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Chavez-DeRemer, colleagues’ bill aims to boost pilot training, widen access to student loans


WASHINGTON (KTVZ) – Rep. Lori Chavez-DeRemer (OR-05) recently joined Reps. Colin Allred (TX-32) and Steve Cohen (TN-09) to introduce the bipartisan Flight Education Access Act. The Transportation and Infrastructure committee members’ proposal would raise the student loan limit for those who need financial assistance to pay for flight training.

Airline pilots are required to complete the Federal Aviation Administration’s regulated training, which typically costs approximately $80,000 in tuition and fees that are associated with the four-year degree, according to the University Aviation Association.

Current federal loan limits do not accommodate the full cost of pilot training, limiting access for students who cannot afford to pay out of pocket or take on high-cost private loan debt, the congresswoman said.

“Long delays and cancellations have become all too common in airports across the country, and part of the reason is due to a shortage of pilots," she said. "Our common-sense proposal would help close the gap by creating outreach programs and giving prospective pilots the same loan opportunities granted to students at traditional four-year schools.

"I’m hopeful that we can get this bipartisan legislation across the finish line to attract more pilots and improve air travel for Oregonians and all Americans,” Chavez-DeRemer said.

Allred said, “Our aviation industry and the pilots who make it all possible need help getting access to the training to get into the industry.

"This bill is an important step to improve access to student loans for pilot training, and we will continue to take action to increase the workforce pipeline for all kinds of folks to become pilots. I hope we can pass this bill and keep working so that young folks who dream of becoming a pilot can get the skills and training they need to do just that.”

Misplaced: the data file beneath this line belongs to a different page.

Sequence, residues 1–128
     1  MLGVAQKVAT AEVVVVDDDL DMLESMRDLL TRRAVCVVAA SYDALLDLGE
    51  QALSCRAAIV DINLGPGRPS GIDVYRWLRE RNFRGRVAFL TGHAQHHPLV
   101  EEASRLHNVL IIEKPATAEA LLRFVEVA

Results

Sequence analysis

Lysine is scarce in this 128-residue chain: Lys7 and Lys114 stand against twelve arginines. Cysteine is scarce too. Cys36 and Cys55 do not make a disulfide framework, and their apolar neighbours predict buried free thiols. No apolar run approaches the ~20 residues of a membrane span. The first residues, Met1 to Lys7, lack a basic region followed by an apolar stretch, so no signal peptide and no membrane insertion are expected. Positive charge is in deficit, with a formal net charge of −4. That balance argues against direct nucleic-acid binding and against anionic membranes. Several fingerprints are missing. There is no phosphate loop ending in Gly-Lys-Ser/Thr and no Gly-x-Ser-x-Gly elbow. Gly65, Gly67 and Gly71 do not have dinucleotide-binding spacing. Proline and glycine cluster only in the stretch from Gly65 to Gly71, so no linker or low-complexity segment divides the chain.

Cohen said. “I am proud to join my colleagues in introducing the bipartisan Flight Education Access Act, which addresses the need to grow our qualified aviation workforce, particularly in regions like Memphis.”

“From tourism to increased cargo shipments, our local economy has come roaring back, and that’s contributing to strong demand for a growing qualified aviation workforce. Currently, Black Americans represent only 3.4% of professional pilots — a huge missed opportunity for a workforce in real need of energizing, especially when you consider all of the untapped talent we have throughout our region’s high schools, HBCU’s, and elsewhere.

"Our new bill would help capitalize on that opportunity, not only by expanding federal student loan limits for flight education, but also by fostering industry partnerships and scholarships targeted at underrepresented backgrounds. The Flight Education Access Act will help support our growing economy while expanding opportunity and building a more inclusive aviation industry, and I’m proud to support it.”

This legislation is supported by the Regional Airline Association (RAA), Air Line Pilots Association (ALPA), Airlines for America (A4A), Southwest Airlines Pilots Association (SWAPA), National Air Carrier Association (NACA), University Aviation Association (UAA), and the National Business Aviation Association. Sens. Tammy Baldwin (D-Wis.) and Dan Sullivan (R-Ala.) have introduced companion legislation in the U.S. Senate.

The Flight Education Access Act: 

  • Increases the total maximum amount of Federal Direct Unsubsidized Stafford Loans an eligible dependent may borrow to $111,000, increases the maximum amount for independent students to $137,500, and increases the maximum amount of Federal Direct Stafford Loans to a total of $65,000; 
  • Requires the Government Accountability Office (GAO) to report on the bill’s implementation, the number of flight education and training programs and enrolled students, and demographic data on students’ participation in the loan program; and
  • Authorizes a grant program to increase diversity in the pilot workforce pipeline through partnerships between industry and educational institutions. This includes scholarship programs, outreach and development programs, and startup grants for higher education institutions to create aviation programs that are geared toward students from low-income and underrepresented backgrounds.
Article Topic Follows: Government-politics

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